Amid STAAR debate, one critic says: ‘The test is corrupt’

Fort Worth STAAR academy

(Star-Telegram/Yamil Berard) Three dozen students at Meadowcreek Middle School are getting help with the STAAR exam.
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(Star-Telegram/Yamil Berard) Three dozen students at Meadowcreek Middle School are getting help with the STAAR exam.

Texas students are taking STAAR tests this week even as the assessments draw critics and lawmakers weigh in on potential changes to the system.

The first round of preliminary results were posted last week by the Texas Education Agency. Early 2019 data shows that Texas fifth- and eighth-grade students performed slightly higher in math over reading — results that mirrored last year’s performance.

The state’s passing rate for fifth-grade in math was 83%, while the reading rate was 77%. Among eighth-graders, the passing rate was 81% for math and 77% for reading.

Thousands of Texas students took the tests earlier this school year. Those who didn’t pass are re-testing this week.

Education advocates and parent groups are keeping a close eye to see if lawmakers tinker with STAAR, which stands for State of Texas Assessments of Academic Readiness. The end of the Legislative session comes as critics of the assessments continue to push for less high-stakes testing.

The Rev. Charles Foster Johnson, executive director of the Fort Worth-based Pastors for Texas Children, said he represents a network of Texas faith leaders who have mobilized to support public schools. His group is critical of the STAAR tests, explaining that a recent report raised the question of whether the tests are too hard.

Additionally, the tests received national attention after an expletive was discovered in an image of a graffiti park in one of the tests.

“The test is corrupt,” Johnson said. “It doesn’t measure grade-level learning. ...“Now, we have profanity in the questions of elementary students. The test is corrupted.”

The TEA apologized that profanity slipped through the testing materials.

“After the test was administered, TEA discovered that two of the included images contained vulgar words in very small lettering,” the TEA said in a statement. “This is in no way acceptable or appropriate, and we deeply regret that these images appeared on the test. We apologize to all our parents and students, and in the spirit of continuous improvement, we pledge to ensure this issue never occurs again.”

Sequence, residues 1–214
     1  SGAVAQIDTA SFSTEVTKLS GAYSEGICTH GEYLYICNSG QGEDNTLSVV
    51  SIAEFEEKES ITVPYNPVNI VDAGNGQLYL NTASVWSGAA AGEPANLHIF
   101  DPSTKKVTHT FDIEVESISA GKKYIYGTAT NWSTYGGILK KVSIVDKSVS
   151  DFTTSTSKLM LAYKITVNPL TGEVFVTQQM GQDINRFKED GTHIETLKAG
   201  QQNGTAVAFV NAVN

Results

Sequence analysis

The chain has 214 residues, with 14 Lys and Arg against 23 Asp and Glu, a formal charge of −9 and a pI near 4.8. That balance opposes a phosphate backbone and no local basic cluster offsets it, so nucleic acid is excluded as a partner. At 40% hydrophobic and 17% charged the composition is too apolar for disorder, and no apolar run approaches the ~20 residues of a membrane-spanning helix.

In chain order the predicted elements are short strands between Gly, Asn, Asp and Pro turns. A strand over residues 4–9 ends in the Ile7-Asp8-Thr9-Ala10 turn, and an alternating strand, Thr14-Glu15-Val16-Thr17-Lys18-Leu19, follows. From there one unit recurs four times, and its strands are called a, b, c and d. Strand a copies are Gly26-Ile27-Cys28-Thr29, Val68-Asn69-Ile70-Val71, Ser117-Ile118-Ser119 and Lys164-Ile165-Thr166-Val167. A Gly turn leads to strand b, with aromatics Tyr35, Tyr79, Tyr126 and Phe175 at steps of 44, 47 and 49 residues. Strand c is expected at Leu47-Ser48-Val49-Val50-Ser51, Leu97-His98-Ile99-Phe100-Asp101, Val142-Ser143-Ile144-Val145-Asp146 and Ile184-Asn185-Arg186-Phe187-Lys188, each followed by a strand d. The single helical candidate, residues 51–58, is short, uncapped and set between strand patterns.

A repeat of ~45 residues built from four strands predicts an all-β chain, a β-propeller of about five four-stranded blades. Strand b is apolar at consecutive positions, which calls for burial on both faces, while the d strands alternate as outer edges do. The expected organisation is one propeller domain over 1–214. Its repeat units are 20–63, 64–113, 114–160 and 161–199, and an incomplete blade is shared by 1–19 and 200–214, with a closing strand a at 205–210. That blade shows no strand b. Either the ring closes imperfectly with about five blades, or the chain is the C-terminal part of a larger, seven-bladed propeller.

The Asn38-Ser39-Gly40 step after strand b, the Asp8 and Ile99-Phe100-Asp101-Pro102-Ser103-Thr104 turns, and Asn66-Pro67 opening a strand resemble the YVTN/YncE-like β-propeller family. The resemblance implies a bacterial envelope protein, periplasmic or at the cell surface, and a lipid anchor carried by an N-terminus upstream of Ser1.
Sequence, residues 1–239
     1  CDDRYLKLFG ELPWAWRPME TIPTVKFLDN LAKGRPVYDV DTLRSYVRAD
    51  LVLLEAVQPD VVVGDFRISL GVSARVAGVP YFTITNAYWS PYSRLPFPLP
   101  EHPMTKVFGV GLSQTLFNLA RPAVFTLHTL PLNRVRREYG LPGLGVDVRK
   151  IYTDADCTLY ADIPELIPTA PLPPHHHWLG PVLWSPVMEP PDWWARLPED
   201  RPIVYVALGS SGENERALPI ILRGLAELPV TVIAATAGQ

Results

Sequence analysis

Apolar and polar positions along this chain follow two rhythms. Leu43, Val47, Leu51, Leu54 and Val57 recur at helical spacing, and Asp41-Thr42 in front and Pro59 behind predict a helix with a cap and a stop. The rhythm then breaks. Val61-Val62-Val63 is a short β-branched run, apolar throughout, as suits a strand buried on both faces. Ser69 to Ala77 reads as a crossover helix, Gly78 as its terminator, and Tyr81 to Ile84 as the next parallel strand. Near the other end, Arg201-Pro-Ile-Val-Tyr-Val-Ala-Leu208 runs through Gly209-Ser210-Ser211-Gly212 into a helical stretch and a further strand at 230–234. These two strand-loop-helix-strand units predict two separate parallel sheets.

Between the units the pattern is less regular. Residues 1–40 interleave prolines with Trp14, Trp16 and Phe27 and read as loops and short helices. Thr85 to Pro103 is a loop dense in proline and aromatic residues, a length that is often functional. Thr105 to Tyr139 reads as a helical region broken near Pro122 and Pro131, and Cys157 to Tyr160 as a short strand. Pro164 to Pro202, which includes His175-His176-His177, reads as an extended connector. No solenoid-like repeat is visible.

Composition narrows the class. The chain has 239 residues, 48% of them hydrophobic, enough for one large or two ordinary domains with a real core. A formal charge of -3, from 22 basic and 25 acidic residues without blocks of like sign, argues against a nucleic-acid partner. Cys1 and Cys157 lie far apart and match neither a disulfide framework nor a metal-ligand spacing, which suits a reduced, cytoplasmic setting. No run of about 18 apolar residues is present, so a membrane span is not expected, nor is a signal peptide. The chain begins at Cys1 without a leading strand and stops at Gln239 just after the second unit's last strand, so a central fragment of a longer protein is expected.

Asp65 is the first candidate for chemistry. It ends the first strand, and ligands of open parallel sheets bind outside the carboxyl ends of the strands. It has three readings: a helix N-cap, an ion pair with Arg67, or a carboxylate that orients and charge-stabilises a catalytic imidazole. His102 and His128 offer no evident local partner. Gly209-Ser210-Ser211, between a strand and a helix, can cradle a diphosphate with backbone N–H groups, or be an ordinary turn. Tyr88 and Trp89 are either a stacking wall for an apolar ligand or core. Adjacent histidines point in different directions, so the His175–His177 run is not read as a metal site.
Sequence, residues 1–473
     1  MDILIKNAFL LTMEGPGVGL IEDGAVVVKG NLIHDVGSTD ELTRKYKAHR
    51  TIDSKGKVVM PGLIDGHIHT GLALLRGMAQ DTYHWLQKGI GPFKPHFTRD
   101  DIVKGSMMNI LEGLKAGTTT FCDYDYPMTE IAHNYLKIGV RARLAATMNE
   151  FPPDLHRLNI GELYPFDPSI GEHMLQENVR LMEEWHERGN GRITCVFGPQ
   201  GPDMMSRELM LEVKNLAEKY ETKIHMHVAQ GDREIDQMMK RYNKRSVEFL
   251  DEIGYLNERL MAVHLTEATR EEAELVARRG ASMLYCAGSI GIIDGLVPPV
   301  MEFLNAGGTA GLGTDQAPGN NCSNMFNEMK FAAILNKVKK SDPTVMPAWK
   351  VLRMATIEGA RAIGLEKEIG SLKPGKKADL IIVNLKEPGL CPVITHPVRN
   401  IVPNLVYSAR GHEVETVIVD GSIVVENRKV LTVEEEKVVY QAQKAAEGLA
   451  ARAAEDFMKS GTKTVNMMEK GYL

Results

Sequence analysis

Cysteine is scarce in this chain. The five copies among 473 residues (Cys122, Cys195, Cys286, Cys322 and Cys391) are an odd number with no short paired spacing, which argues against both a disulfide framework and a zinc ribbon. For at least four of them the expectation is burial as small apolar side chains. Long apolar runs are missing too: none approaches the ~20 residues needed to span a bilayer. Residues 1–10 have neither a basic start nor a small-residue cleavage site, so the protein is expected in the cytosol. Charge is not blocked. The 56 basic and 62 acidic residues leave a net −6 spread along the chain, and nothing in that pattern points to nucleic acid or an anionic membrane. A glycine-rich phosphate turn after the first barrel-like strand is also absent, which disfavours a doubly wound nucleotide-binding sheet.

In the Legislature

State Sen. Beverly Powell, D-Burleson, recently proposed eliminating school bonuses based on third-grade test scores.

Parents, teachers and others supported Powell’s amendment and showed that through their use of the #NoSTARRonHB3 hash tag.

After the vote, where House Bill 3 passed without her amendment, Powell noted that the measure does many good things, including investing millions of new dollars into public schools, funding full-day pre-kindergarten and requiring that the TEA contract with a third party to review the STAAR.

HB 3 now heads to a conference committee where a few members from each chamber will work on a compromise before the legislative session ends May 27.

After the vote Powell said she hopes “the numerous concerns voiced on the floor … regarding funding tied to standardized test scores will be seriously considered in conference as both chambers come together to produce the final product.”

The Texas House recently approved a bill to prevent a student from being held back or a school from being closed for poor performance on the 2018-19 STAAR test. It also calls on the TEA to review whether the reading level on that year’s test is grade appropriate.

State Rep. Brooks Landgraf, R-Odessa, filed a bill earlier this session that would have essentially done away with the STAAR test.

“A statewide assessment instrument places too great of a burden on our students and teachers,” he said at the time. “Teachers are forced to ‘teach to the test’ so that the largest number of students can achieve scores that meet the minimum level of satisfaction.

“This destroys any opportunity for teachers to come up with creative ways for students to learn, and limits the amount of time and attention teachers can pay to specific students.”